Presentation on theme: "The Island Universe of Immanuel Kant - a Modern Perspective Immanuel Kant (1724-1804) Andrzej Marecki N. Copernicus University, Toruń, Poland."— Presentation transcript:
The Island Universe of Immanuel Kant - a Modern Perspective Immanuel Kant ( ) Andrzej Marecki N. Copernicus University, Toruń, Poland
The ancient Hebrew cosmological model is vastly dominated by religious content whereas the astronomical ingredient is secondary (if not tertiary): the Sun, the Moon and the stars are rather unimportant ornaments on the sky firmament. Note that planets are not mentioned at all.
The medieval cosmology (as shown in the works of Dante) is still largely religious but the astronomical component is much better pronounced. It reflects the Ptolemaic, geocentric model of the Solar system. Each planet has its own orbit. Thus, the distances to planets vary with each planet. However, the so-called fixed stars, are equidistant and located on the outskirts of the Universe.
Claudius Ptolemaeus (Ptolemy)
Ptolemaic model of the Solar system was quite complicated. It allowed only for circular orbits. Introduction of the so-called epicycles was necessary to make it compatible with the observations. Sometimes the second order epicycles i.e. the “epicycles on epicycles” were required to solve the discrepancies between the model and the observations. Yet, it perhaps would be difficult if not impossible for Ptolemy to explain completely the libration of the Moon (see the next image).
Ptolemaic model of the Solar system was in fact not only complicated but also inaccurate. For many years Nicolaus Copernicus was carrying out detailed observations that led him to a conclusion that the movements of planets would be much better described assuming heliocentric orbits. De Revolutionibus (On the revolutions) is perhaps one of the most important books ever written and printed.
It is to be noted, however, that the heliocentric model by Copernicus still posits circular orbits. The old concept of the “sphere of fixed stars” is also present there.
Nicolaus Copernicus ( ) Johannes Kepler ( ) Isaac Newton ( )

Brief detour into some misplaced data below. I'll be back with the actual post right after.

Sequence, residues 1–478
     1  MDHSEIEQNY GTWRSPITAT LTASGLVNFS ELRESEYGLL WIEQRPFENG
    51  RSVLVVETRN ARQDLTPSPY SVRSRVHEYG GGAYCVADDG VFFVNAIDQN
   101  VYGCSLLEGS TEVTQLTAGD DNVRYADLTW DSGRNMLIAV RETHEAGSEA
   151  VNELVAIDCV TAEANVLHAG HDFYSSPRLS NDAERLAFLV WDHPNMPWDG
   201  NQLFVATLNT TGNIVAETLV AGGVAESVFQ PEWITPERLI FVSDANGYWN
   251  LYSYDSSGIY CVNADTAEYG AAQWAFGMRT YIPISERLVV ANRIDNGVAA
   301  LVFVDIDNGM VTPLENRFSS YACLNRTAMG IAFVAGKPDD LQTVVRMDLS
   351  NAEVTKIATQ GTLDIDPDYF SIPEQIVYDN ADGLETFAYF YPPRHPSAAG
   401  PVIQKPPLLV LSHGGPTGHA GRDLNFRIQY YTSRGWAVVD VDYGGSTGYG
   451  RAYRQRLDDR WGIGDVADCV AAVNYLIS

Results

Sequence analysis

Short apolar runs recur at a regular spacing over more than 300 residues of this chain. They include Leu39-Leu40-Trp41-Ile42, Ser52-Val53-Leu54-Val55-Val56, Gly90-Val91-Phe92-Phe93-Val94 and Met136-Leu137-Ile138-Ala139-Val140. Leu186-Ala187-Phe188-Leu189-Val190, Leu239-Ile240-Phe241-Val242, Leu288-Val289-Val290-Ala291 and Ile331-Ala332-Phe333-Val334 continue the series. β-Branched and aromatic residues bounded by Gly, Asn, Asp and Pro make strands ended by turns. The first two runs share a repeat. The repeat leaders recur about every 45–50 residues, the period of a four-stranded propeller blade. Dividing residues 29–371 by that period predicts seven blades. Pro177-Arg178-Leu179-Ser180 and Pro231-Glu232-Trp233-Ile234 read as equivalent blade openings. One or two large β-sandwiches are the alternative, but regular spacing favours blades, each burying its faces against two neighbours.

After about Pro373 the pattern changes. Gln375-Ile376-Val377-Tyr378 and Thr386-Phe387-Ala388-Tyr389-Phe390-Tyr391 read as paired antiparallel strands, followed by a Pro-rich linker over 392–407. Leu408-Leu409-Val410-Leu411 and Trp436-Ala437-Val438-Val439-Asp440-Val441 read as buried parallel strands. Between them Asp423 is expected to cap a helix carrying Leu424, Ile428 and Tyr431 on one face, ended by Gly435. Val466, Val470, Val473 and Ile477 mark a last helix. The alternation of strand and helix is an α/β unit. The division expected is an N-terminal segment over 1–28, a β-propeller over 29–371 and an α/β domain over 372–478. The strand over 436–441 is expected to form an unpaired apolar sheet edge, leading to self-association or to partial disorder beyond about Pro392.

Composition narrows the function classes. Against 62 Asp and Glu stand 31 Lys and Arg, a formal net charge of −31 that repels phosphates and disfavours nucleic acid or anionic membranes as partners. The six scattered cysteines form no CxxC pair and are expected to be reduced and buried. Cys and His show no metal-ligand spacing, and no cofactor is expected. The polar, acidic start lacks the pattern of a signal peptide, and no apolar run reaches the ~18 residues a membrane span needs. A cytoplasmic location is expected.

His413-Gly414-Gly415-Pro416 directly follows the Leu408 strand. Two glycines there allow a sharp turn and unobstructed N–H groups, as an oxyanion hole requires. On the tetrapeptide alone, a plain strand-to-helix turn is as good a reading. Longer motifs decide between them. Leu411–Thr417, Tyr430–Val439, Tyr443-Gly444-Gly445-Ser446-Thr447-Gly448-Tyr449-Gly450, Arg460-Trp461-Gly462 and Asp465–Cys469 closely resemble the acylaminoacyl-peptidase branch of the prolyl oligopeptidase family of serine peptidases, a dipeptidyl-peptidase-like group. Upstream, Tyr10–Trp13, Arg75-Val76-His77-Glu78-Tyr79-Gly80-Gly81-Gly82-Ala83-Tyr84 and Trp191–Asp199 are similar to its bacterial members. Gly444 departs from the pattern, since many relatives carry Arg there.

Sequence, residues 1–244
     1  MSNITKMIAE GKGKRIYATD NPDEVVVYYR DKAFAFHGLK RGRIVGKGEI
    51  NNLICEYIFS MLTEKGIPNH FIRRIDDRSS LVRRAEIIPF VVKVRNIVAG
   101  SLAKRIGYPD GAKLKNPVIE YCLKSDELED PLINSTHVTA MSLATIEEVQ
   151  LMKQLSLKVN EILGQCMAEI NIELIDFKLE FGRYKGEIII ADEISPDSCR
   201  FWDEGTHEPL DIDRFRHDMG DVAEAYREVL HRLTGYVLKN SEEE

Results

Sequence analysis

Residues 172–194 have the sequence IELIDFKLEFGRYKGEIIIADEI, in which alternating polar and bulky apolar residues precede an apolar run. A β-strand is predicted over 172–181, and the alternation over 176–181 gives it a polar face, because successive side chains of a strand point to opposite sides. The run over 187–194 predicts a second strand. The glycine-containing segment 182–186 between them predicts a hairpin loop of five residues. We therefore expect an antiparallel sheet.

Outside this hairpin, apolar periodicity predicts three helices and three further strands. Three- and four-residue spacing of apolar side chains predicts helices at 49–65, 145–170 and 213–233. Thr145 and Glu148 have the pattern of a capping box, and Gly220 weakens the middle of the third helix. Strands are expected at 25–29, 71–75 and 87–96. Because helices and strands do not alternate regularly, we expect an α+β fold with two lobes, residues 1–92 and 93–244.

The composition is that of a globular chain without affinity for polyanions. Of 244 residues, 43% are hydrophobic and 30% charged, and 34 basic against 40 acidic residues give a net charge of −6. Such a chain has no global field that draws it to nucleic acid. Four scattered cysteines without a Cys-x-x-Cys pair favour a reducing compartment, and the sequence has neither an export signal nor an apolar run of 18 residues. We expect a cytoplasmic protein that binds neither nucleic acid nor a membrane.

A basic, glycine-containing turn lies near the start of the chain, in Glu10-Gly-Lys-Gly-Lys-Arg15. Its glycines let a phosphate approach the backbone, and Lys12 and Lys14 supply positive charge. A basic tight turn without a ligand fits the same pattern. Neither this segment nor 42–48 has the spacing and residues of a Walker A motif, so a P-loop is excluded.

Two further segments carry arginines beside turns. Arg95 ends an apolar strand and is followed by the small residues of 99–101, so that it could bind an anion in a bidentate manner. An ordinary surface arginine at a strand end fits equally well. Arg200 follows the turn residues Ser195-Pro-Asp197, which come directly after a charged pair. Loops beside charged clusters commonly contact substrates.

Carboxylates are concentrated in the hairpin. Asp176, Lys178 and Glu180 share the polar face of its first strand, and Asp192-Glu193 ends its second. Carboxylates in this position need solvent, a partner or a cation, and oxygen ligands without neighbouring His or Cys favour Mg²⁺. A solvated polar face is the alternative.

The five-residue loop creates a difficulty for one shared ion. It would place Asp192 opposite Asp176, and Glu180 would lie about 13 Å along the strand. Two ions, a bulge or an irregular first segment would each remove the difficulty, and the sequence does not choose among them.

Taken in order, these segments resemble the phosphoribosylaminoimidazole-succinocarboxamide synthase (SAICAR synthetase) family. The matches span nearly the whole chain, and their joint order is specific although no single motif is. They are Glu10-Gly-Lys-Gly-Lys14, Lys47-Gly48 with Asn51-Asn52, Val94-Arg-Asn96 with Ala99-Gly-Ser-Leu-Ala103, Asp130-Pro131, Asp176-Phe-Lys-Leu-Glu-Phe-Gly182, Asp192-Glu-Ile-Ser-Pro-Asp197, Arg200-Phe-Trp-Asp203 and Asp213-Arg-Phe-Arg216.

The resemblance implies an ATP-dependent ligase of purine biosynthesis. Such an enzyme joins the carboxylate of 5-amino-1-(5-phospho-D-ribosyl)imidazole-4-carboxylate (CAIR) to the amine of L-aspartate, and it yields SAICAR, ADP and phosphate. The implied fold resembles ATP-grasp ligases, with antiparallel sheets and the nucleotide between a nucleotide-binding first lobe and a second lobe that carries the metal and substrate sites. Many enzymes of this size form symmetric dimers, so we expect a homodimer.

Only Johannes Kepler replaced circles with ellipses and thanks to Isaac Newton we know why orbits are elliptical. His classical law of gravity, although now supplanted by general relativity, is still sufficient and accurate enough to explain virtually all the movements of the bodies in the Solar System.
Until 1610 astronomers (including Copernicus) have no telescopes and so they could only see the Moon, the planets, meteors and, of course, (some) stars. Occasionally, comets appeared on the sky. Out of these, only the members of the latter class of objects were perceived as “nebulous”. Thanks to invention of the telescope by Galileo Galilei not only could people notice that stars were point-like whereas planets were not, but also they could see more nebulous objects. Charles Messier – see his portrait in the next slide – who was a “comet hunter”, set up a list of such objects that mimicked comets.
Charles Messier ( )
His list contained more than a hundred of objects. The patchwork made of their state-of-the-art images is shown in the previous slide. Amazingly, Messier's list is still useful today, namely the numbers assigned by him (preceded with “M”) are common names of these objects. Thus, instead of “Andromeda galaxy” astronomers just say/write “M31”. Today we know that the objects in Messier list belong to different astrophysical classes: globular clusters, open clusters, nebulae and galaxies.
– At the end of the 18 th century, William & Caroline Herschel – used the largest telescope of the era to study the shape of our Galaxy.
Milky Way Galaxy as seen by Herschel
Immanuel Kant ( )
Immanuel Kant was a philosopher but he was also interested in astronomy. He heard about the “nebulae” and he postulated that they are separate “worlds” similar to ours i.e. the Milky Way galaxy. He coined the concept of an “island Universe”. At that time no observational evidence to support this model existed but, surprisingly, Kant was right!
Our “island”: the Milky Way Galaxy
A contemporary model of the Galaxy
Edwin Hubble ( )